Sunday, November 24, 2013
Wednesday, November 06, 2013
The results indicate that congenitally blind people are more attentive and more sensitive to external threats — suggesting their brains are "rewired" by their disability. The study is being published in the journal PAIN.
"We have shown that the absence of vision from birth induces a hypersensitivity to painful stimuli, lending new support to a model of sensory integration of vision and pain processing," says lead investigator Ron Kupers, Director of the BRAINlab, Department of Neuroscience and Pharmacology, Faculty of Health and Medical Sciences at the University of Copenhagen, Denmark.
The findings are important because a key biological function of acute pain is to prevent bodily injury. Vision plays a critical role, as it allows a person to immediately detect and avoid potentially hazardous situations.
Previous studies conducted in sighted individuals had already demonstrated the link between vision and pain perception. The research team hypothesized that the absence of visual cues may lead to heightened vigilance for painful stimuli.
Investigators recruited 11 congenitally blind and 15 sighted participants from Italy and a second group of 18 congenitally blind and 18 sighted participants from Denmark.
Researchers used thermal probes on the forearms of each participant to measure their thresholds for pain. The congenitally blind participants were allowed to touch the equipment beforehand and received verbal descriptions to reduce any anxiety. Sighted subjects were blindfolded during the actual testing.
Participants pushed a button whenever the thermal probe was hot or cold enough to cause pain. They also completed a questionnaire on their vigilance and awareness of pain.
The study team found that compared with sighted subjects, congenitally blind people had lower thresholds for pain caused by heat, rated heat pain as more painful, and had increased sensitivity to cold pain.
"The novel finding of pain hypersensitivity in blindness has several important implications for both basic and clinical science," said Flavia Mancini, PhD, Institute of Cognitive Neuroscience, University College in London.
"This study is noteworthy for research on multisensory interactions and plasticity, because it shows a strong link between vision and pain. The next step is to understand the nature of the interaction between visual loss and pain sensitivity. Which aspect of pain processing is involved in the interplay with vision, and what is its neural basis? The hope is that this work will open the door to pain investigations into the world of sensory loss, left unexplained for too long."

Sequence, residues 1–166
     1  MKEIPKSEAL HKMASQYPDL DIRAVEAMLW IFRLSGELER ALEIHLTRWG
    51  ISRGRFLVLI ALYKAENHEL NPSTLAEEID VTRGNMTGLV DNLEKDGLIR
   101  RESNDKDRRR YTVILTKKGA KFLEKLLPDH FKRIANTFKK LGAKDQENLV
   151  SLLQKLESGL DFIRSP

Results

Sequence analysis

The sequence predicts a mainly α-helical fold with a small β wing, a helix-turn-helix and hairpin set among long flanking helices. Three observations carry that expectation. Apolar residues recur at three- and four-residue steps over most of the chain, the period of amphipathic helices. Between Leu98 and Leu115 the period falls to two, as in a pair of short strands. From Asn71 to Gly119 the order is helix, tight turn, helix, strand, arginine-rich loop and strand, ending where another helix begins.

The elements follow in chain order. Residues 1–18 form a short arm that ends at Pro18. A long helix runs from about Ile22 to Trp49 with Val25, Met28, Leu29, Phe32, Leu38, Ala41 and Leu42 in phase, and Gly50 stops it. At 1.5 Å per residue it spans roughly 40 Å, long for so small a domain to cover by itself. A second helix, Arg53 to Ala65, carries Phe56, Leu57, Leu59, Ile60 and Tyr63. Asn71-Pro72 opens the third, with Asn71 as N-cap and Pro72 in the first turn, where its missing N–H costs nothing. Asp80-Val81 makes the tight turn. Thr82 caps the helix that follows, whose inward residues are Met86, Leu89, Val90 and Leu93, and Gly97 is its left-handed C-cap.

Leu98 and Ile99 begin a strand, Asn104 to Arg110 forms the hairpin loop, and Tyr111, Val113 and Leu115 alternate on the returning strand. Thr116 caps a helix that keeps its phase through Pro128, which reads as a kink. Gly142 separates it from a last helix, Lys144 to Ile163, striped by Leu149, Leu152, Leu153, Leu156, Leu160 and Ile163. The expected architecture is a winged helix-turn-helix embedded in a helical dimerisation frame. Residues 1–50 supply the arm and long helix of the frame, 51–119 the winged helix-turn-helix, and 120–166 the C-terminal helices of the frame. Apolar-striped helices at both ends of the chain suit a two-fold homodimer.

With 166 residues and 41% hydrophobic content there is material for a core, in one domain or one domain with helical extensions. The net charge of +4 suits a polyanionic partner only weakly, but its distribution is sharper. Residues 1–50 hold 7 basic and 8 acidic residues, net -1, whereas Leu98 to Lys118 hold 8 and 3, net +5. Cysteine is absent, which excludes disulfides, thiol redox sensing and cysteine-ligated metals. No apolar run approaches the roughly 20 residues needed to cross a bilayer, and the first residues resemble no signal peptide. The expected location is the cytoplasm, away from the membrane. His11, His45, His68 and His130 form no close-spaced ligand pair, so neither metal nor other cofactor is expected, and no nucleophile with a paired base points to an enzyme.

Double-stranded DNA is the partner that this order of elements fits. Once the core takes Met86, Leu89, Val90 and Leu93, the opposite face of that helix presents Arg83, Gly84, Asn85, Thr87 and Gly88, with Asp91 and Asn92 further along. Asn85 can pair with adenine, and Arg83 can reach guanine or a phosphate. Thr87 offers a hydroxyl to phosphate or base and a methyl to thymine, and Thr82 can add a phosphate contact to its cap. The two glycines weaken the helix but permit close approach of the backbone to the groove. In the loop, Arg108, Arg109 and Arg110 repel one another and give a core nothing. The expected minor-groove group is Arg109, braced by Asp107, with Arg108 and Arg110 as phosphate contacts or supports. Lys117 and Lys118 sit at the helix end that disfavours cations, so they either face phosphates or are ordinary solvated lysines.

Interesting cultural differences also emerged from the study. People in Italy were found to be more emotionally expressive and responsive to pain than people in Denmark.
Tuesday, November 05, 2013
The PaPaS Review Group was registered with the Collaboration on the 28th January 1998. Exploratory meetings for the PaPaS Review Group were held on the 3rd of June 1996 (Oxford) and the 22nd of June 1997 (Boston). Mr Phil Wiffen was involved in the set-up of the PaPaS Review Group and held the post as Co-ordinating Editor until March 2008 when he stepped down to become an Editor for PaPaS. Chris Eccleston, one of our long standing Editors, then took up the post as Co-ordinating Editor in April 2008.
We are interested in studies of interventions for
The Cochrane Back Review Group (CBRG) is one of 53 international Review Groups. The CBRG coordinates the publication of literature reviews of diagnosis, primary and secondary prevention and treatment of neck and back pain and other spinal disorders, excluding inflammatory diseases and fractures.
The CBRG is hosted by the Institute for Work & Health (IWH) in Toronto, Canada. The Institute for Work & Health is an independent, not-for-profit organization. Its mission is to conduct and share research that protects and improves the health of working people and is valued by policy-makers, workers and workplaces, clinicians, and health & safety professionals.
The Cochrane Collaboration, established in 1993, is an international network of more than 28,000 dedicated people from over 100 countries. The Collaboration works together to help health care providers, policy makers, patients and their advocates and caregivers, make well-informed decisions about health care, based on the best available research evidence, by preparing, updating and promoting the accessibility of Cochrane Reviews.
Cochrane Reviews are systematic reviews of primary research in human health care and health policy, and are internationally recognized as the highest standard in evidence-based health care. They investigate the effects of interventions for prevention, treatment and rehabilitation. They also assess the accuracy of a diagnostic test for a given condition in a specific patient group and setting. Cochrane Reviews are published online in The Cochrane Library.http://back.cochrane.org/